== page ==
Marriage Milestones
    If only the journey through married life came with road signs like “Slow Down: Men Working (Late Again)” and “Danger: Infidelity Ahead.” Maybe then so many relationships wouldn’t hit dead ends. Marriages degrade over time. Still, many couples stay together in spite of demanding jobs, big mortgages, and parental pressures.
    How? “While all partners face inevitable soars and slumps at various points In their relationships, those who survive learn how to navigate them successfully says University of Denver professor of psychology Howard J. Markman, Ph.D., author of Fighting for Your Marriage: Positive Steps for Preventing Divorce and Preserving a Lasting Love. Here’s advice from relationship experts to help you and your mate travel more smoothly along that sometimes bumpy road

    The issue: The first big fight
    Arguments over trivial things – running errands, hogging the TV remote – can to erode your relationship. Expert advice: “Commit to compromising more often and to controlling tempers. If you start to get mad, walk away, or put the discussion on pause,” says Markman. Work as a team. Sit down on a regular basis when you’re both feeling calm and discuss what annoys you. “Having a safe place to talk about disagreements will decrease the chance of small events erupting into bigger conflicts,” says Markman.
    The issue: The financial crisis
    Your spouse got laid off in the economic downturn and has gone into depression. You are terrified about the future, the bills, the mortgage, and keep nagging him to find a new job. And it’s all tearing your marriage apart. Expert advice: Identify your core needs and downsize everything else. Once you figure out how to get by on one salary half the battle 15 won. Let go of your resentment. Understand that getting laid off isn’t always his fault or problem, and it isn’t something he can just fix. Remembering how your spouse supported you during the good years can also help. This attitude adjustment will enable you to work together to figure out how to cope with the financial downturn.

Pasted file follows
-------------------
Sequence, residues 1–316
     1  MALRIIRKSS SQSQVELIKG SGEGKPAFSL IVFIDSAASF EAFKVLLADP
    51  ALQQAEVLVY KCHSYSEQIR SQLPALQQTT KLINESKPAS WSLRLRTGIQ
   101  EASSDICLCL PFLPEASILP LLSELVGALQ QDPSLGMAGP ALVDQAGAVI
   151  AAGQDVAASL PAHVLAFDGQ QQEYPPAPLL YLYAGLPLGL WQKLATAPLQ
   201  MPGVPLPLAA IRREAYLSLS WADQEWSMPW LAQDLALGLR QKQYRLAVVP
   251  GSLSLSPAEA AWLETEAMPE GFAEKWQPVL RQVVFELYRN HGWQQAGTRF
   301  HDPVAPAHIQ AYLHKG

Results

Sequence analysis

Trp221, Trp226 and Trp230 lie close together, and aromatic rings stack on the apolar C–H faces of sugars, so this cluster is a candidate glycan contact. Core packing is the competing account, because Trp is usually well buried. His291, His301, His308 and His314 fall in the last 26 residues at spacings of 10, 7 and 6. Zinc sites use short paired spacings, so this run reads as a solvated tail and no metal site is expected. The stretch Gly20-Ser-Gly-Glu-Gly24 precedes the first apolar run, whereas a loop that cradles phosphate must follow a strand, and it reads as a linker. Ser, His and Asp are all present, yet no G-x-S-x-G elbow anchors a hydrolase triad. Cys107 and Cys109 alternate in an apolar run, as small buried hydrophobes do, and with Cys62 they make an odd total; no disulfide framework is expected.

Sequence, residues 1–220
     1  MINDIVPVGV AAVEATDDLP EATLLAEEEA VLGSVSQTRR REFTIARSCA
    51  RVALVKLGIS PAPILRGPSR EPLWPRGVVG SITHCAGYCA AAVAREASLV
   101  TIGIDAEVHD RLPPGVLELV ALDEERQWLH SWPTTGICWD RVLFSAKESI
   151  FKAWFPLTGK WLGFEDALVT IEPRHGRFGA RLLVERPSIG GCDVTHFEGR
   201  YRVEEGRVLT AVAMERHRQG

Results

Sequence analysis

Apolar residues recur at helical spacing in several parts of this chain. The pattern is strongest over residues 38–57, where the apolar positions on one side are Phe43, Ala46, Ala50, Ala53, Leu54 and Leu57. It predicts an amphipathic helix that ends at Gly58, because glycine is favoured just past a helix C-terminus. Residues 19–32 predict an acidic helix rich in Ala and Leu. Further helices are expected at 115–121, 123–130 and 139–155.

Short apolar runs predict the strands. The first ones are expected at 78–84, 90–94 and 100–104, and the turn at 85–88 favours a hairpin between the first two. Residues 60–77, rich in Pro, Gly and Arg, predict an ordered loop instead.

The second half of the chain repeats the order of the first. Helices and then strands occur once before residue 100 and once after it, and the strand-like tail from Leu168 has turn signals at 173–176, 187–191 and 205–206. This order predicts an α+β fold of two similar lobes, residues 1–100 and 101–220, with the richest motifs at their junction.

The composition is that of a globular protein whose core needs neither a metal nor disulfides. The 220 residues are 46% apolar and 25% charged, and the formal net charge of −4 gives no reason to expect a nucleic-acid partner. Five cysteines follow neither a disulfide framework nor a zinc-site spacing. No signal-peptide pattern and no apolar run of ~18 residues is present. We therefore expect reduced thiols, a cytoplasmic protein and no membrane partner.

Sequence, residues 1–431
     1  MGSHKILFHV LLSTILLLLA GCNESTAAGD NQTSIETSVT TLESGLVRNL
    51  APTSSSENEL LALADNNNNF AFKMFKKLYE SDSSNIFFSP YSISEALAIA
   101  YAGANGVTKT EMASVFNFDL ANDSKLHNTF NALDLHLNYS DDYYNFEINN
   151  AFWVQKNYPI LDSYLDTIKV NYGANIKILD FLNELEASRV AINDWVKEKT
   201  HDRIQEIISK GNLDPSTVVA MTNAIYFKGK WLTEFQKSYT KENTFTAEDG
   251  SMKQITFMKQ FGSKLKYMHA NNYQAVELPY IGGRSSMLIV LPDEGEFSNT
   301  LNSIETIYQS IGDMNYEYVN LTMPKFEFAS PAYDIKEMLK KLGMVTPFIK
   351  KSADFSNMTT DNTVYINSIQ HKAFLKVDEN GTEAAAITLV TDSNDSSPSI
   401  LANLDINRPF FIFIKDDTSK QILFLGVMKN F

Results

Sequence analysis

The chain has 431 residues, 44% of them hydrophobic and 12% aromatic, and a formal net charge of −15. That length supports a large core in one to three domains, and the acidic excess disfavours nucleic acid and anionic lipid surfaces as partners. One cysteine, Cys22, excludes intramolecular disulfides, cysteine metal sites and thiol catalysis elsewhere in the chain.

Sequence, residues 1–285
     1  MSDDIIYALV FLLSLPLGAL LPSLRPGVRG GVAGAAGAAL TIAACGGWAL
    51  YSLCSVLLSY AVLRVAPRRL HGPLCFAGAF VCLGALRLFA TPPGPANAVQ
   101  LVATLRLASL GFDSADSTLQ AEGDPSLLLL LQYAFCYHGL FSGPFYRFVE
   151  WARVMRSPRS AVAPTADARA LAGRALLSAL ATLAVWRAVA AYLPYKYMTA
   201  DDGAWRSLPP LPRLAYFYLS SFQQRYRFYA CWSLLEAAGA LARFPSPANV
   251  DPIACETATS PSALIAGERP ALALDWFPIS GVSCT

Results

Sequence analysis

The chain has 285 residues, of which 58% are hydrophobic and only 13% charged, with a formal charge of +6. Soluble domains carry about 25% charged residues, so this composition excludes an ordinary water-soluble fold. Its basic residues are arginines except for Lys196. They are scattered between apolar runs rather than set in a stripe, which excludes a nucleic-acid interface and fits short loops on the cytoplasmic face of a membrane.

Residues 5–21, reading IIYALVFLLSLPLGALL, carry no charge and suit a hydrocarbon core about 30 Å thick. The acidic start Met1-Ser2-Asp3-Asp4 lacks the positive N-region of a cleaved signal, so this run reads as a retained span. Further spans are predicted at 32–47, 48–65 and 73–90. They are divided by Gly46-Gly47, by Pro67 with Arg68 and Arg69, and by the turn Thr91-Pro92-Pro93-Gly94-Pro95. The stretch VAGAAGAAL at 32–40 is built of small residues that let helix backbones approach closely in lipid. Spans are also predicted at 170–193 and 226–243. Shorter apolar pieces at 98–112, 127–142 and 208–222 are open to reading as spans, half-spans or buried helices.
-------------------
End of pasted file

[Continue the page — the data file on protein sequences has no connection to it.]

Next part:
Contribute to the household in other ways. The unemployed person can help, maybe, by cooking dinner or taking over some of the partners chores. Any way you can make your spouse’s life easier and be a good companion will help.
    The issue: No more fireworks
    You’ve stopped communicating. You’ve grown apart. Over the years, it becomes harder to find time for the two of you as kids, work and other commitments come
    in the way. Expert advice: Find a counselor who can help you to rediscover the things that first attracted you to one another. When you give yourselves a chance to have fun and be together, you’ll remember why you got married. Couples need time alone so they can touch base and connect, to say
    “How did your meeting go?” or “A funny thing happened today.” Particularly in dual-career marriages, parents often feel guilty that they don’t spend enough time with their kids, so when they have a spare minute, they spend it with family. Keep aside an hour alone to talk before bed and to enjoy each other in bed. Go out to dinner once a week.. Building time for each other into your daily schedule ensures it will actually happen
    The issue: The affair
    Maybe it was a one-night-stand. Maybe it was an office romance. Regardless, infidelity can deliver a death blow to ,your marriage. You can still rescue it, although it will take a lot of time, patience, work – and some groveling – to put the pieces back together.
    Expert advice: It is important to forgive and trust one another again. Adopt the idea that “love is a decision more than a feeling,” and take a united pledge to make your marriage work. Staying for the children’s sake is a good place to start, but for the marriage to survive you may need to take the next step – i.e. commit to recreating a loving relationship. It’s easy to blame the partner who strayed from the marriage. But the victimised partner may also have to take on some of the responsibility for what went wrong. After all, if your spouse had an emotional involvement outside the marriage, it was because s/he had a need to share deep feelings and have another person accept him/her. A therapist can help you to communicate better to answer those needs.

  6. When the couples breaking up they allways have something to fight about. Properties, cars, maoney to split. Lawyers allways do the job for richest partner. The secong half just have to take what their ex partners are offering. This is also happend to Marie Douglas-David. This is not fair, but this is the reality.